LISP-like languages aren't attractive solely for implementation reasons, I think; LISP wins for ease of programming. Fewer lines of code is a great reason to pick one language over another for a DSL. I would imagine it would be easier to code the high-level logic for an application in Scheme or CL rather than Forth or Perl. In a hypothetical large enough project that the implementation cost of a DSL were no object, I think a case could be made that a higher-order functional language with garbage collection and code = data etc. would still be the best choice. I think these are just great features in any language, or at least any where expressiveness and programmer time are valued above memory footprint and execution speed. The nature of a DSL in particular is to have a relatively small amount of 'executive' code, with the heavy lifting done elsewhere (or within language primitives), so I would think even a naive, slow, memory hungry interpreter could fit in to many application designs on today's hardware. Provided we draw the boundaries in the right place. :-D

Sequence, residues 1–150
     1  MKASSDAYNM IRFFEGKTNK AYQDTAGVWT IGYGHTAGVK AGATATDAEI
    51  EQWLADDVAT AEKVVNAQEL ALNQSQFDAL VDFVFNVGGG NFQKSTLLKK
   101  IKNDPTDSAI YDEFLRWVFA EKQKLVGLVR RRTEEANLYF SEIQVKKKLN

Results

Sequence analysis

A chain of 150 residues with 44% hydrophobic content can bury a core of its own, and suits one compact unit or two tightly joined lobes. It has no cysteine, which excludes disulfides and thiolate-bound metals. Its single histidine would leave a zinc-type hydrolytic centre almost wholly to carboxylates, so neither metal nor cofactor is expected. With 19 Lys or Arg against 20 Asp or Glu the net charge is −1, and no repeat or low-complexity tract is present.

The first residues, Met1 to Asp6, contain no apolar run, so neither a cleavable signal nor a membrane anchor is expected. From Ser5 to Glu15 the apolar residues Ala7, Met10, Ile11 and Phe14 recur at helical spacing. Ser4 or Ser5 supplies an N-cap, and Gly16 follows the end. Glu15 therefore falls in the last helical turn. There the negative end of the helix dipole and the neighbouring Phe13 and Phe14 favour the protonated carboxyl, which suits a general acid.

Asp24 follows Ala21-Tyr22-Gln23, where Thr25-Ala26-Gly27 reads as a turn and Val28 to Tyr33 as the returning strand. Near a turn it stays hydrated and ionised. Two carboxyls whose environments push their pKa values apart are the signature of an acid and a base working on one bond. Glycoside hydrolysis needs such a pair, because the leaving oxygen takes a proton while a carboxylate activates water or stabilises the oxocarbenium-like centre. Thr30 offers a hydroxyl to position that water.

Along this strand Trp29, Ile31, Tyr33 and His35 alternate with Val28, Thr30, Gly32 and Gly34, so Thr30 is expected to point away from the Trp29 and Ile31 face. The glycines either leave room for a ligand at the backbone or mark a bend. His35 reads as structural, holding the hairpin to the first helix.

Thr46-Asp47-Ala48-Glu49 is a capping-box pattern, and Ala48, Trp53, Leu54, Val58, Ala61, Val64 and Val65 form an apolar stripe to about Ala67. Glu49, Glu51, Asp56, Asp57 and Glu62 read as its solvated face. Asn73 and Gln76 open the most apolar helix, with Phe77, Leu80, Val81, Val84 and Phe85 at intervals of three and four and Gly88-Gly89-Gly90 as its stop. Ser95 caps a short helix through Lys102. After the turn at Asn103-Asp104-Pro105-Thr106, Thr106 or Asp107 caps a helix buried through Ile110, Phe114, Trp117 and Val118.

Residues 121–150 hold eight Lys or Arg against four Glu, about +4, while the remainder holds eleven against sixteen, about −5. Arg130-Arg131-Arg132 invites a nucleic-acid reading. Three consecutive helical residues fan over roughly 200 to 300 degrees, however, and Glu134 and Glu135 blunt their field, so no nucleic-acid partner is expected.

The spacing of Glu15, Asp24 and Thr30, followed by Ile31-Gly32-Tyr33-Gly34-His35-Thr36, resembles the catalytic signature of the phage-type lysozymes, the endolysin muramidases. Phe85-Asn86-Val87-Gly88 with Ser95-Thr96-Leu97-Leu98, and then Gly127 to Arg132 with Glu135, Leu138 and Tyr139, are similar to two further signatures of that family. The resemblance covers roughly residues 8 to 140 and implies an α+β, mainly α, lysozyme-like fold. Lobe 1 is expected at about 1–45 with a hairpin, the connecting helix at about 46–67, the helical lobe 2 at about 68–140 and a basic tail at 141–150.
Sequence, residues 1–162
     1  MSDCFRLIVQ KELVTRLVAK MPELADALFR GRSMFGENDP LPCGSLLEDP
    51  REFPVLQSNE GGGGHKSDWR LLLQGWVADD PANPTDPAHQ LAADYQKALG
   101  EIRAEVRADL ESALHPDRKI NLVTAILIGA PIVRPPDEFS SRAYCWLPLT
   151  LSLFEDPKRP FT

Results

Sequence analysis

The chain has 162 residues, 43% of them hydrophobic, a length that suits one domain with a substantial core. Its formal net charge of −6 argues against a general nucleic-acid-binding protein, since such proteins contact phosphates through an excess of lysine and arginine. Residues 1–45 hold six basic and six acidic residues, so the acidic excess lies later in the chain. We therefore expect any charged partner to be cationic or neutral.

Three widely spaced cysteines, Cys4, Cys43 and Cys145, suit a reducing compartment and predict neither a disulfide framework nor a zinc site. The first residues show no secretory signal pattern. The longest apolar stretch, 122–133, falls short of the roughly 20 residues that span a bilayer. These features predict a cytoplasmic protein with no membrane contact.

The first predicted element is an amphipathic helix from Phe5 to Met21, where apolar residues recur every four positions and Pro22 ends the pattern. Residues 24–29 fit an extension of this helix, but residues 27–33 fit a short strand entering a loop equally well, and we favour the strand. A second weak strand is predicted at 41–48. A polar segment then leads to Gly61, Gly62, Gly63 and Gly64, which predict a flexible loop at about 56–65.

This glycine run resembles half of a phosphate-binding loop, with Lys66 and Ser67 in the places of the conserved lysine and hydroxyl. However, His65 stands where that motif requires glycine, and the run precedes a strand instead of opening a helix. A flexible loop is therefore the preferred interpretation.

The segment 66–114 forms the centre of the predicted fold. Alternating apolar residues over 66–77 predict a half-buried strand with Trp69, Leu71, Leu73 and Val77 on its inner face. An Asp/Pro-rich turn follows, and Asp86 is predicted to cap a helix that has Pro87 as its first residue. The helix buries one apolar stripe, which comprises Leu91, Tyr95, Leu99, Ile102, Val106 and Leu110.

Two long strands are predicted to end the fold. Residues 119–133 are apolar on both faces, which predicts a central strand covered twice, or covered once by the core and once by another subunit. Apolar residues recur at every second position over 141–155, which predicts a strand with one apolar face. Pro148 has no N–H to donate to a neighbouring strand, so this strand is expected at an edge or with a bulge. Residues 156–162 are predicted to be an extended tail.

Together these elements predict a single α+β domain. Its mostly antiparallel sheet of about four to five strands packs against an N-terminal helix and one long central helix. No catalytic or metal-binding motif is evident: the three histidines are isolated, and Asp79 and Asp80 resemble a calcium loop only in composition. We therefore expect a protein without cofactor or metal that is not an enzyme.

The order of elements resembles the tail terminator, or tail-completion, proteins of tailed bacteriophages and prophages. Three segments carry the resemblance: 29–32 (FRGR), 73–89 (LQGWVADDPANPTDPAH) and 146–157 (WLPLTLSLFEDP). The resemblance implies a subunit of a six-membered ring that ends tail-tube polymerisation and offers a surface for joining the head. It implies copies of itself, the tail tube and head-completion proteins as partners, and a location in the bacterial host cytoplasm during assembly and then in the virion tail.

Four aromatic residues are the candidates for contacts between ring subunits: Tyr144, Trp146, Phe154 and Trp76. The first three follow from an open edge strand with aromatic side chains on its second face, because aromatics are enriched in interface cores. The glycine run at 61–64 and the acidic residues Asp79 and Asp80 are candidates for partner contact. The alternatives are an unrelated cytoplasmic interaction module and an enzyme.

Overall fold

Dan Sugalski wrote:
On Sun, 16 Nov 2003, Mike Newhall wrote:This is consistent with the semi-humorous comment that all large systems eventually implement an ad hoc version of LISP -- perhaps what they are really doing is implementing a DSL, and a LISP-like language is the ideal type of language to implement DSLs.I've been involved in a number of projects that either already implemented a LISP-like language as a DSL or were in the process of doing so. The two biggest (and, in fact, sole) reasons for a Lisp-like language were ease of implementation and small memory footprint.